Unfortunately, commands started in background are set by the shell to ignore SIGINT, and worse, they can't un-ignore it with trap. Otherwise, all you'd have to do is (trap - INT; exec process1) & (trap - INT; exec process2) & trap '' INT wait Because process1 and process2 would get the SIGINT when you press Ctrl-C since they're part of the same ...


4

Your kill command is backwards. Like many UNIX commands, options that start with a minus must come first, before other arguments. If you write kill -INT 0 it sees the -INT as an option, and sends SIGINT to 0 (0 is a special number meaning all processes in the current process group). But if you write kill 0 -INT it sees the 0, decides there's no more ...


4

What does it mean? What is "Exit 2"? It is exit status of ls. See man for ls: Exit status: 0 if OK, 1 if minor problems (e.g., cannot access subdirectory), 2 if serious trouble (e.g., cannot access command-line argument). I guess the reason is that you have lots of *conf files in /etc and no *conf files in ...


4

After a process is sent to the background with &, its PID can be retrieved from the variable $!. The job IDs can be displayed using the jobs command, the -l switch displays the PID as well. $ sleep 42 & [1] 5260 $ echo $! 5260 $ jobs -l [1] - 5260 running sleep 42 Some kill implementations allow killing by job ID instead of PID. But a ...


3

To answer the most interesting part of your question: to change the output of a live running program, you have to edit its file descriptors. That is quite easy to do with gdb. It's a hack, but works. See: http://stackoverflow.com/questions/593724/redirect-stderr-stdout-of-a-process-after-its-been-started-using-command-line A helper script is available at ...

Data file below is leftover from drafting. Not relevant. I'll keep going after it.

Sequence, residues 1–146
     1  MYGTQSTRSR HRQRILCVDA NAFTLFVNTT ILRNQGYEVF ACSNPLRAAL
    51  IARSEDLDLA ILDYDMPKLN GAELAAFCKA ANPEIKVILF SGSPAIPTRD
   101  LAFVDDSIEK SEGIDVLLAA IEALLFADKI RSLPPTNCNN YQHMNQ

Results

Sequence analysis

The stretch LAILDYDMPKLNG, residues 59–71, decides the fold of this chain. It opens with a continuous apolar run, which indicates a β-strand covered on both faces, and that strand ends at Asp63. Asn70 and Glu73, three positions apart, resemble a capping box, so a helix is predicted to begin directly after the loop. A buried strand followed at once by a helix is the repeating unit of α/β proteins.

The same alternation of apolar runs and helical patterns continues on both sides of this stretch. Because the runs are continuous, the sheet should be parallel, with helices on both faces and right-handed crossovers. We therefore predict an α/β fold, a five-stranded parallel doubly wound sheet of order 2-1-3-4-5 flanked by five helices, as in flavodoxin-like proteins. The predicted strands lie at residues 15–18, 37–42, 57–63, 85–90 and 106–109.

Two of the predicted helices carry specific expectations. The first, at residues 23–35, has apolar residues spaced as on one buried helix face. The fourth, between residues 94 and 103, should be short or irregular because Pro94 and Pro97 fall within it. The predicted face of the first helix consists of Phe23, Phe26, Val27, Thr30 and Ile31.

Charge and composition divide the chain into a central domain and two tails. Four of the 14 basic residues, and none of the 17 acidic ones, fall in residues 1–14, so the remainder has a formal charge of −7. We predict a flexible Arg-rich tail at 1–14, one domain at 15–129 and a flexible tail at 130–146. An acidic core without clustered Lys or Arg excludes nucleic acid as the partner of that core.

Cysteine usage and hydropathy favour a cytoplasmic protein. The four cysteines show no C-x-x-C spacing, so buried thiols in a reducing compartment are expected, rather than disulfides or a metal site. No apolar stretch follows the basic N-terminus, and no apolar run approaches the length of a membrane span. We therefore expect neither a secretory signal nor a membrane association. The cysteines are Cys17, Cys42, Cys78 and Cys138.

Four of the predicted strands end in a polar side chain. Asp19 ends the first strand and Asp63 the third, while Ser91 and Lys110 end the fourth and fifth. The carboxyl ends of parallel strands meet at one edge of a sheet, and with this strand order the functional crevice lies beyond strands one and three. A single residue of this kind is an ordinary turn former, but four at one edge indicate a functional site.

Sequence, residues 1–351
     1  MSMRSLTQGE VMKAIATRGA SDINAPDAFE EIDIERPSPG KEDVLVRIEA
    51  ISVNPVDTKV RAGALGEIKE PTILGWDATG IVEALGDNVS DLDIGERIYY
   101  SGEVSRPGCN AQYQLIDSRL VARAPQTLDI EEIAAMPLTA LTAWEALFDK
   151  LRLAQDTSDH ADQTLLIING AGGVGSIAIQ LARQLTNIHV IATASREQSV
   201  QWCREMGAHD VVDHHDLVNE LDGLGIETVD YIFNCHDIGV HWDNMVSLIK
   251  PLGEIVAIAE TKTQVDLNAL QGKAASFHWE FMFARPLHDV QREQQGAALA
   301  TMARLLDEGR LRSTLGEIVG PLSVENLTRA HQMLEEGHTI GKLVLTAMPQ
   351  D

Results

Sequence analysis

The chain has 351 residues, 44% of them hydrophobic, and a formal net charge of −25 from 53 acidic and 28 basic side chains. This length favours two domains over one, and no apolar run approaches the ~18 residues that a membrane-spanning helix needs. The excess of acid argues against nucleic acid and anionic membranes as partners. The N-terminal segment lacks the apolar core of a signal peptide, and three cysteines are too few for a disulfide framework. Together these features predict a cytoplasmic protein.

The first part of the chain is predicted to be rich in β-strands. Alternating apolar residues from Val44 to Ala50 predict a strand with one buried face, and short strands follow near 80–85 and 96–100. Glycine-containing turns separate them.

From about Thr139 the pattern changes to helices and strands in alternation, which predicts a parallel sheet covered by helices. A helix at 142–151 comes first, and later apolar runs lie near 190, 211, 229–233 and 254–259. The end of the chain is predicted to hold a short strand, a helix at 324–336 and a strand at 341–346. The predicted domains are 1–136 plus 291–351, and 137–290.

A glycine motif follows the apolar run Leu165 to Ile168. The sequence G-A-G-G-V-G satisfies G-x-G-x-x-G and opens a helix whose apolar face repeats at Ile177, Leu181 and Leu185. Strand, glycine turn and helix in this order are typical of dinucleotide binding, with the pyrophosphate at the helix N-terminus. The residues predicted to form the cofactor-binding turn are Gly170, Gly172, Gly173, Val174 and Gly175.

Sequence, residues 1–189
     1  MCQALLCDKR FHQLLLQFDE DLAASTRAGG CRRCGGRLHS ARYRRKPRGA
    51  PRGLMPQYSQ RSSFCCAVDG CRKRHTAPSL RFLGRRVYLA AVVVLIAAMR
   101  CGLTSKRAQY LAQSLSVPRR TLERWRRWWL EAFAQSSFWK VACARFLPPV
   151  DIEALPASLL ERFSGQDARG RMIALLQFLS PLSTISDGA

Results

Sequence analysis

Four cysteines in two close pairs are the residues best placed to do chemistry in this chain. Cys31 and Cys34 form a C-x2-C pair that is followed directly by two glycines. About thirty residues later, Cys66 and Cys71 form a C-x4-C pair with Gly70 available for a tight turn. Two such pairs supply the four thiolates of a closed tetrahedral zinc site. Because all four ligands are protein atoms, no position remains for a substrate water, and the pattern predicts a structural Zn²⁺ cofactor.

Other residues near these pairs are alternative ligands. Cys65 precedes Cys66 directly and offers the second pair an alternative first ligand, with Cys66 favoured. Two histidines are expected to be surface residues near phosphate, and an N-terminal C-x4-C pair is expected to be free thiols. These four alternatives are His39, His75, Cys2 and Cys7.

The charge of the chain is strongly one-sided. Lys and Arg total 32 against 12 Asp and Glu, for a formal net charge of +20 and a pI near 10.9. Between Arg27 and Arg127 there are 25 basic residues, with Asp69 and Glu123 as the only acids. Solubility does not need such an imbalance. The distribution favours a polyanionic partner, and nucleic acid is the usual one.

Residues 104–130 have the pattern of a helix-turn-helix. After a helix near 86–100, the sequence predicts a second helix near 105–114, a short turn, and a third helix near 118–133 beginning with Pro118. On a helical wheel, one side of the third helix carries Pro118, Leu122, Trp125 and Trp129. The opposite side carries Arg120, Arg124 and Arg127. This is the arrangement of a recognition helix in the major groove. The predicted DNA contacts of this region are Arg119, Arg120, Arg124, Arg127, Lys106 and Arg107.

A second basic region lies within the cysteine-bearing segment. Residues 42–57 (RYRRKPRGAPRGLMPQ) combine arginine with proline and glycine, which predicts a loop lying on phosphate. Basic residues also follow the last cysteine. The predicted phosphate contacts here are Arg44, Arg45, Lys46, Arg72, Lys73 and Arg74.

3

Suppose you've just started a program outside screen. Suddenly you realize you wanted to do something else in that terminal. Ctrl+Z. Screen and tmux introduce a layer of isolation between the application and the terminal. This isn't always a good thing. For example, I find their scrollback a lot less convenient than xterm's, so I rarely use screen unless I ...


3

Ease of use would be the primary reason. It's much more convenient to switch between screens using keyboard shortcuts than to use the job control features. Moreover, with Screen every window is connected to a separate virtual terminal, while with job control you either have to suspend the process, or allow it to run in the background cluttering the only ...


3

As for daemons doing it, that's because they want any output or error messages they might produce to be discarded no matter how you redirect a process's input and output streams, it will still be SIGHUP'd if it's attached to a session and that session is closed to leave processes running. To leave processes running, there are few approaches: detach them ...


3

You can remember the PID of each new child (check $! after starting it). Periodically check how many children still exist (e.g. by kill -0), if the number goes down, spawn a new one, etc. At the end, just wait. Here is a script I wrote for the same reason: #! /bin/bash ## Tries to run commands in parallel. Commands are read from STDIN one ## per line, or ...


3

If you've already started something somewhere, backgrounded it, and now need to attach it to a new terminal, you can use repytr to re-attach it. The reason you can't see it in the "jobs" command or use "fg" to bring it to the foreground is because these commands are actually built-in to the shell. They don't technically detach the processes from the ...